Have you ever had an ongoing problem in your life you felt like just wasn’t fair?
Maybe it was something simple, like headaches, so that after awhile they became so commonplace, you just accepted them as part of your everyday life.
Maybe you’ve fought cancer, or you’ve been in multiple unhealthy relationships, or suffered from addiction, depression, a learning disability, anxiety. Even those battles have a way of becoming routine—don’t they?
It’s easy to think: “This is just the way it will be forever”
For me, the struggle has been with food allergies and digestive problems.
I don’t usually talk about it here, because it’s embarrassing, and it also because it feels off-topic. But recently I’ve been noticing my physical health is connected to my mental, emotional and spiritual health and I just can’t help but share what I’m uncovering as I walk this long, uncertain, foggy, road to healing.
When it comes to seeking “healing,” I go through phases.
There are times when I just try to accept my food allergies as a natural part of my daily life. I’ve found ways to cope—learned the restaurants where I can most easily eat, learned how to scan menu’s for potential threats, learned to flip packages over at the grocery store and read labels carefully.
I buy the same brands, eat the same foods, go to the same places, week after week.
I’ve learned to be efficient, so that this ailment I have doesn’t slow me down, doesn’t take me off track.
Then, I have moments.
Moments where I begin to question why I can’t process the foods so many other people can—good foods (tomatoes, carrots, honey, fruit). Moments when it all seems so wrong, so unfair, so out of God’s nature that, when people gather around a table, I can’t share their meal. And when these moments come, it makes me wonder if healing is possible.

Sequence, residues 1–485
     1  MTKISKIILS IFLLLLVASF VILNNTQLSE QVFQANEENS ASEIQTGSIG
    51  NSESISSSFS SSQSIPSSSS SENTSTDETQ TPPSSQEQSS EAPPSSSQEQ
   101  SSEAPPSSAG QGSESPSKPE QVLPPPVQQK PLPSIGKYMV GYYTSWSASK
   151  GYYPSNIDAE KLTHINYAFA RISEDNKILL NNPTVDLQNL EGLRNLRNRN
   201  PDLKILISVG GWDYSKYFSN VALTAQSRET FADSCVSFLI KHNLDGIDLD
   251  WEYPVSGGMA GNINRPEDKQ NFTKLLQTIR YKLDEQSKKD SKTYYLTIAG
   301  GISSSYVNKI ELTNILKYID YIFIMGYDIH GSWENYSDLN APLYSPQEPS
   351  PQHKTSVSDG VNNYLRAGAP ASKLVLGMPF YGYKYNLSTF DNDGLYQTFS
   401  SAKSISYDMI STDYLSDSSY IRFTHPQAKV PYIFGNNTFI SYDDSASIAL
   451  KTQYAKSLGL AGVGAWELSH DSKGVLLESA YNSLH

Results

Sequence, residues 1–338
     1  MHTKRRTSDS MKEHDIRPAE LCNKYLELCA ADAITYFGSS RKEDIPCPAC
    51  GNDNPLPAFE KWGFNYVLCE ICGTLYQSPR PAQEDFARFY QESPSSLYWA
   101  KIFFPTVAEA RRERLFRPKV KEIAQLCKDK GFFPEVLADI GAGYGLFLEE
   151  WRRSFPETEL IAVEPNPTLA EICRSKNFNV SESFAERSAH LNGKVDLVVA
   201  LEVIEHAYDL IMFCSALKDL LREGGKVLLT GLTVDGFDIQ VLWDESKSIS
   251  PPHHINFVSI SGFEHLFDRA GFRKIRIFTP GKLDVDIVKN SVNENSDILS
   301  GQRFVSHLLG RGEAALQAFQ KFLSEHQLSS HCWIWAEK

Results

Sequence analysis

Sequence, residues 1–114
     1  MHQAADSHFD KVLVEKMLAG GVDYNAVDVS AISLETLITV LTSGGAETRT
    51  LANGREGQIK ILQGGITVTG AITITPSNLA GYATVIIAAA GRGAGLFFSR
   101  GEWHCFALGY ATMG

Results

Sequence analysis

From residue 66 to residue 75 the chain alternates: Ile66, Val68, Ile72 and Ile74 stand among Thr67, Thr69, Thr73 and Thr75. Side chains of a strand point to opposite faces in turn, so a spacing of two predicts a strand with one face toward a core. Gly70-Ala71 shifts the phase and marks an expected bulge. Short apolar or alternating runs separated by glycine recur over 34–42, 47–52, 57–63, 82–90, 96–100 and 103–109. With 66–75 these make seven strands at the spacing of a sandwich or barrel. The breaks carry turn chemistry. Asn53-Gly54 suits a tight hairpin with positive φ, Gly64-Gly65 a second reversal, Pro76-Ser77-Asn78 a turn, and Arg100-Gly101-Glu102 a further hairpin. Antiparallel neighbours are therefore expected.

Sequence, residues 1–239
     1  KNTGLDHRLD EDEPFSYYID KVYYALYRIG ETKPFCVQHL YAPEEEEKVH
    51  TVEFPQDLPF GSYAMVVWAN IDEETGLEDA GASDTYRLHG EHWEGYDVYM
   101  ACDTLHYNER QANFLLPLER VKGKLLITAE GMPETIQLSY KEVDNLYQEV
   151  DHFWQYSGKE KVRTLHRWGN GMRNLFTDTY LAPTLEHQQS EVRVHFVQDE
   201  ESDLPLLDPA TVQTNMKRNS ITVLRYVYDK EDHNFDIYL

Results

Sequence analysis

It makes me wonder what my role might be in it.
Because, of course, healing is never easy.
It always takes us out of our path, off of our route, inside of ourselves, to the places we don’t want to recognize or see, and outside of ourselves, to the places we aren’t sure we’re strong enough to go.
The longer we seek healing, and don’t find it, the harder it is to keep hoping it will ever come.
Should we just go back to coping with the illness?
Should we just settle for being broken?
It’s easy to think we should. It’s easy to think this is just the way things are. It’s easy to just get used to it, get comfortable.
Right now I’m in a healing phase.
I’ve gone back and forth in the twelve years since I was diagnosed, but right now, this is where I am. I’m asking for help, seeking direction, taking steps without being certain they’re the steps ones to take. I’m even taking steps I’ve taken before—ones that didn’t work—but that I’m trusting this time could be different.
This time, it could change. Healing could come. You just never know.
And something really strange and wonderful is happening (which isn’t actually that strange at all, if you think about it).
My life is slowing down.
It has to. There’s no way for us to find healing without slowing our routine. Healing takes time.
These days, when I wake up in the morning, I don’t go straight for my coffee and computer. That’s what I used to do. These days, I walk to the kitchen. I warm some water. I make myself tea. I take vitamins and supplements. I sit, and wait and read and pray.
So much less is getting done, but so much more is happening.
Do you know what I mean?
And at night, when I used to be warming up leftovers or sliding something frozen into the oven, now you’ll usually find me chopping, boiling, mixing, stirring, crafting something beautiful that we can eat. It’s so much slower, but slow isn’t bad. That’s what I’m learning.
Slow brings healing.
Grace is raining down on me.
I used to think that my day was measured by how much I accomplished in it. And, in some ways, I still fall victim to that mentality. On days when I make progress, I feel a swelling of pride and energy. On days where I feel trapped or stalled, my mood plummets and I feel depressed and sad.
But these days, as I slow down and ask for healing, I’m finding so much grace in the waiting. I’m finding permission to move more slowly. Praise God, the guilt is fading away.
And when I slow down—when I go deep, rather than wide—I’m finding progress I couldn’t have made on my own, forward motion I couldn’t have navigated by my own strength.
I’m finding forward motion that I can’t see.
This post was inspired by a beautiful and brand new book by Tsh Oxenreider called Notes From A Blue Bike. Tsh is the founder of a website called The Art of Simple, and this book documents her journey to learning to living more intentionally (and slowly) in a chaotic world.
If you’ve ever felt like life moves too fast, and you wish you could slow down, get your hands on a copy of this book.